Protecting Sheephouse Creek Watershed, Sonoma County
If you do a Google Search on Sheephouse Creek you learn that it is one of three streams designated for restoration in order to save the threatened and endangered salmon that call Sonoma County “home.” That’s important information when you know that this area is also being considered for a major Timber Harvest Plan on Ricioli Ranch (NTMP #1-08NTMP-004SON), as well as Willig Gulch THP #1-08-025SON, which is close to approval. Both properties are located within the Sheephouse Creek Watershed.
On one side we have the California Department of Fish and Game conducting stream inventory reports on Sheephouse Creek for its reintroduction program for coho slamon, the Sonoma County Water Agency studying how to restore habitat for endangered fish that use this vital watershed, a CalFlora report “What grows here…” on the Sheephouse Creek watershed, a Sonoma Land Trust report on the importance of protecting this watershed for fish as well as for the water supply to the town of Jenner at the mouth of the Russian River – AND a petition to SAVE Sheephouse Creek.
There’s something terribly out of sync if all these organizations see the importance of saving what they consider to be a vital watershed and at the same time a Timber Harvest Plan is being considered. Trees and watersheds work together to protect land, provide habitat, catch water and feed it into the ground, keep streams clean by holding earth in place, etc. It’s a system that will not function well without the trees – or – with only some of the trees. Even carefully designed timber harvests disrupt this system.
If the watershed were healthy in all ways, fish were safe here and reproducing at normal levels, water was plentiful and clean…perhaps there would be good reasons to consider cutting down trees for timber. But the current reality is that this watershed is fragile, the fish that depend upon it are even more fragile and many scientists, biologists and environmentalist consider this watershed to be extremely important to the survival of endangered fish. While the biologists want to restore the watershed, Ricioli Ranch wants to harvest its trees. Is the timber from these trees more important than fish, wildlife and plant life, and water?
Many of us who are not scientists but are people who care about protecting fragile eco-systems are very concerned. Any harm that comes to this watershed will only contribute to the demise of fragile fish species, degenerate the water supply to Jenner and haste the destruction of a valuable watershed. We ask that government entities who are in charge of making decisions about harvesting timber, do so with protecting this watershed in mind. Not harvesting its trees.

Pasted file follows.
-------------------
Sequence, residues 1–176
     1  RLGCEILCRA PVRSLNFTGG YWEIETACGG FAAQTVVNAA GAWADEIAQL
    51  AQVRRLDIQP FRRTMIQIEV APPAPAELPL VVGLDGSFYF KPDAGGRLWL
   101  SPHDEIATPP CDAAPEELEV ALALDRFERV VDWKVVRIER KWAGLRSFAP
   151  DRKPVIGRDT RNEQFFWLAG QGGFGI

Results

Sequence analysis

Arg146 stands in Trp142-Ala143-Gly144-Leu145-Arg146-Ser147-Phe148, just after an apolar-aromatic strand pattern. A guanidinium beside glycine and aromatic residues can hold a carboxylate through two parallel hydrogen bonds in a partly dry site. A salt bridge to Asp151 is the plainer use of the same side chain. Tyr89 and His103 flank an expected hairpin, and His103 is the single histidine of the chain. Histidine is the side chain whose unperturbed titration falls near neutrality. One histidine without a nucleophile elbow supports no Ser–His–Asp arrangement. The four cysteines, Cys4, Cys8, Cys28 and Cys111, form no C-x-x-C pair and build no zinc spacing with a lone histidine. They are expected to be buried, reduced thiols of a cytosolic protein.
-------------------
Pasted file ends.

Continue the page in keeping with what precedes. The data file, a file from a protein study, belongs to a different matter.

By Vesta Copestakes
PS.: You may be interested to know that the adjacent neighbor on the west side of Sheephouse Creek has filed Willig Gulch THP #1-08-025SON, which is close to approval. Between these two property owners, they own a large portion of Sheephouse Creek’s watershed. In the last nine years, approximately 25% of the watershed area for Sheephouse Creek has been harvested. The combination of these two harvest plans equals 412 acres total. This represents 20% of the total watershed area (412 logging acres divided by 2,176 watershed acres). The total logged over the last ten years and that to be harvested in the near future equals 45% + of the total watershed area. CDF only looks at the impacts of each plan and does not assess the cumulative effects of multiple plans in the same watershed. CDF did a stream survey in 1996 and some restoration work in Sheephouse Creek in 1997-1998. This means that no one has been checking the stream and banks for soil erosion, turbidity, contaminants,... etc since this period and certainly not since the Coho captive broodstock program has been initiated. This should be brought to the review teams attention.
Wouldn’t it be prudent to look at the combined impacts of these recent THPs as well as the other five previous THP’s in this area’s watershed, during the upcoming pre-harvest inspection of the Ricioli Ranch NTMP? Please submit letters of concern to CDF c/o 135 Ridgeway Avenue, Santa Rosa, CA. 95402
ALSO: a note to Charlotte Ambrose c/o NMFS, 777 Sonoma Avenue, Santa Rosa, CA. 95404-6528 or e-mail to: Charlotte.A.Ambrose@noaa.gov, asking that NMFS review these THP's in order to protect the species and aid in their recovery. It appears that they are very close to making a determination to review the Ricioli Ranch NTMP, which would be precedent setting for our area, and your letters may be enough to tip the scales in our favor.
Thank you, Mike Keller
"Friends of Sheephouse Creek"